Standards for authorizing first-time trials of drugs in humans are lax, and should be strengthened in several ways, McGill University researchers argue in a paper published today in Nature.
While regulators in North America and Europe evaluate safety before human trials can proceed, they do not currently demand meaningful evidence for potential efficacy, write McGill bioethicist Jonathan Kimmelman and PhD student Carole Federico in a commentary article. "We believe that many (first-in-human) studies are launched on the basis of flimsy, under-scrutinized evidence."
Trials of ineffective therapies place burdens on society even if research participants aren't harmed directly, the researchers argue. Drug development soaks up financial and research resources; patients and healthy volunteers involved in testing a dud treatment miss out on more promising ones; and expenses wasted on ineffective therapies are often passed on to healthcare systems in the form of higher drug prices. The argument for better scrutiny of animal studies may be especially timely, since the incoming U.S. president has indicated he intends to weaken requirements for clinical evidence of efficacy before drugs are approved.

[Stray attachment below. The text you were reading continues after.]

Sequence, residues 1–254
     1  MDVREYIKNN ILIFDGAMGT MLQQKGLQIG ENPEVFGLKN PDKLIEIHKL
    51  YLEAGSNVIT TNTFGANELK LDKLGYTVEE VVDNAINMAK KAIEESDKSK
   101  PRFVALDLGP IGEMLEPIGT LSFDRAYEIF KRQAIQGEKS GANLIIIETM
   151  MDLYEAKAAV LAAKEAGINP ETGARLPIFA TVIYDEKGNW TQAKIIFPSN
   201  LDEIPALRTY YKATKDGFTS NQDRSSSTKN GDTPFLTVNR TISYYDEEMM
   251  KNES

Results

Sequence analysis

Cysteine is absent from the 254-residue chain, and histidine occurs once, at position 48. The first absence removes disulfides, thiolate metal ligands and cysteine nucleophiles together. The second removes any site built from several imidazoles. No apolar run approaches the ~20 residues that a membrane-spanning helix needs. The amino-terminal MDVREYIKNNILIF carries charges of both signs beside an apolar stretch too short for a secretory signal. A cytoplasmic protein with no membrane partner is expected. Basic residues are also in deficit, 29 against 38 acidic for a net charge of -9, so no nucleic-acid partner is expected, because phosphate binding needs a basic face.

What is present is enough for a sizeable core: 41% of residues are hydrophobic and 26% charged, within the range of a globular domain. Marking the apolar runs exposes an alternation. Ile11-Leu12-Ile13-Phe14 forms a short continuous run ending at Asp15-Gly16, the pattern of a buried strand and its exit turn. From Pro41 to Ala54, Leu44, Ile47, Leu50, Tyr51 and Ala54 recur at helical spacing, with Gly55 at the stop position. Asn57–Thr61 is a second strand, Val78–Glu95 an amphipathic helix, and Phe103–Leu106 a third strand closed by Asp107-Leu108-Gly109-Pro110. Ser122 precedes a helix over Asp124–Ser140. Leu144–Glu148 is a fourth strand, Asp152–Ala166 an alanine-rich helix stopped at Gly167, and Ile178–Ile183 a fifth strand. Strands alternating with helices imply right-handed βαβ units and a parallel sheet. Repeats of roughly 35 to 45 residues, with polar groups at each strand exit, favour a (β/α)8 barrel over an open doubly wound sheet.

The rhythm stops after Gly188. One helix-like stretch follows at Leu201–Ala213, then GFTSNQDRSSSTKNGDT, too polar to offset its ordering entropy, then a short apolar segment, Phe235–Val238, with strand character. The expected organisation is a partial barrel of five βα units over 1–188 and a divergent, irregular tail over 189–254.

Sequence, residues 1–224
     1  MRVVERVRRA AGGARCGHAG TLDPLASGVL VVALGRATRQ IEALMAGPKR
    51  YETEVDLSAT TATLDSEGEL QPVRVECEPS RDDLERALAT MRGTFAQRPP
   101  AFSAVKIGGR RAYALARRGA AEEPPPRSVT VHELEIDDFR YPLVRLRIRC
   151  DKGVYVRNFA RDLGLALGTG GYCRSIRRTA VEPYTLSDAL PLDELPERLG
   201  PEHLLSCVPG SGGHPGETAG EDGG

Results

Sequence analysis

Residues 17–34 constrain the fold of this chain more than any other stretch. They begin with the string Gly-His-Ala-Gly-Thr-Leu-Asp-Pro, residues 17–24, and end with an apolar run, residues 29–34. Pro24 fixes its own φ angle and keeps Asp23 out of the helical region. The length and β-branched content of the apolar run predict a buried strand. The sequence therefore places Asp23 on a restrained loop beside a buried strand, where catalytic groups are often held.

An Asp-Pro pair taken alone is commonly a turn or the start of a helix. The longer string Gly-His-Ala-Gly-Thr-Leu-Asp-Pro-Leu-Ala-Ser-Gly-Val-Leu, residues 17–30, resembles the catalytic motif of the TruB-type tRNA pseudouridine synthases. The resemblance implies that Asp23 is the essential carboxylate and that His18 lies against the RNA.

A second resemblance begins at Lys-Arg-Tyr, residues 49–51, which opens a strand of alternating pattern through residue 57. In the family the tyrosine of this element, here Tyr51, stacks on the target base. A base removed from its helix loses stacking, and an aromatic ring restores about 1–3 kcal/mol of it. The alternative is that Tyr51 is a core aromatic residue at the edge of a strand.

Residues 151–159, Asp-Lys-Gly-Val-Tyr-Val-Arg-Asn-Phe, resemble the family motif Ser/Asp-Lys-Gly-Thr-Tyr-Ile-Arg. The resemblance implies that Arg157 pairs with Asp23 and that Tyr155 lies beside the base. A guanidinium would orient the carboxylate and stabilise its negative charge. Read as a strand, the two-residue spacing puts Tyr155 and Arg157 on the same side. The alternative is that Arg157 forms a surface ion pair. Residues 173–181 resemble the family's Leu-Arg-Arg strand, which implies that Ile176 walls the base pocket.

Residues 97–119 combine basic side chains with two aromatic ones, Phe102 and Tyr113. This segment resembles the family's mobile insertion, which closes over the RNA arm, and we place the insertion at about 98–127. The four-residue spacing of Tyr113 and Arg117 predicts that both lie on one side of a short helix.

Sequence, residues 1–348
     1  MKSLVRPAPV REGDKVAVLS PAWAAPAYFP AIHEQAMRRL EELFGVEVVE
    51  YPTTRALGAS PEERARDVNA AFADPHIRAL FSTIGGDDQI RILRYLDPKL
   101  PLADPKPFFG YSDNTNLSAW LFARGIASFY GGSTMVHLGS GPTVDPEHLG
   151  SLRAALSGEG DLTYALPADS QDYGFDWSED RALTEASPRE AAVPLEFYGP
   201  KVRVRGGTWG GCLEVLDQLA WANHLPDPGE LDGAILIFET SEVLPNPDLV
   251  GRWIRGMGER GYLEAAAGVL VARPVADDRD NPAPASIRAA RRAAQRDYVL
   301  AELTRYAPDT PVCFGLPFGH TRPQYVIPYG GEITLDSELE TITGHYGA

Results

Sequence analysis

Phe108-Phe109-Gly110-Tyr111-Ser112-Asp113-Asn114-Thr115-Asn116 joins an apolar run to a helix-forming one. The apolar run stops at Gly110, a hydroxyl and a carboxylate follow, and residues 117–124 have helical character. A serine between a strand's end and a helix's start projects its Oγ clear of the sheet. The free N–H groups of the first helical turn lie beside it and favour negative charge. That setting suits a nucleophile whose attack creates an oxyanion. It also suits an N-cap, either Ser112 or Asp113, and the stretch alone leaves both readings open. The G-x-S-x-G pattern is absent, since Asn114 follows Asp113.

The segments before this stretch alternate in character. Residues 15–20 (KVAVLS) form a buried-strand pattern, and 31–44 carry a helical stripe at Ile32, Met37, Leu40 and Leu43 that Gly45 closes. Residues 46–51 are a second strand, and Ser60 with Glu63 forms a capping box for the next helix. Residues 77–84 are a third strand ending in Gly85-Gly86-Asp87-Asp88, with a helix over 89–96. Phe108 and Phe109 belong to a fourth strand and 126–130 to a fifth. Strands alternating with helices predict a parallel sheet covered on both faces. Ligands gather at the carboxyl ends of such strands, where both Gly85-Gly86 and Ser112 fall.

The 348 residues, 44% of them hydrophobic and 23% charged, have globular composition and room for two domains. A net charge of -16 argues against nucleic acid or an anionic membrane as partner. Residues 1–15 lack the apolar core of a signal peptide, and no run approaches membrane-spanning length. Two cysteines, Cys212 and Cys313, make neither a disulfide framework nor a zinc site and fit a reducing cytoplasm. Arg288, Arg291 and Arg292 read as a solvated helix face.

A clinical trial in France that led to the death of one person last year and hospitalization of five others has drawn intense scrutiny into how the drug's toxicity could have been anticipated, the researchers note. Yet ethical review boards -- bodies at research institutions and universities that are set up to protect patients in clinical trials -- seldom recognize that they have a duty to evaluate whether an experimental treatment is promising enough to warrant human testing.
"Commercial interests and hope, alone, cannot be trusted to ensure that human trials launch only when the case for clinical potential is robust," says Kimmelman. "Ethics requires a clear-eyed evaluation of a drug's potential."
The McGill researchers propose several measures to reinforce standards, including:
Critics of the proposal may object that this approach could increase costs and time for drug development, the researchers note. But more-thorough assessments of clinical potential before trials could reduce failure rates, they say, and thereby offset development costs.
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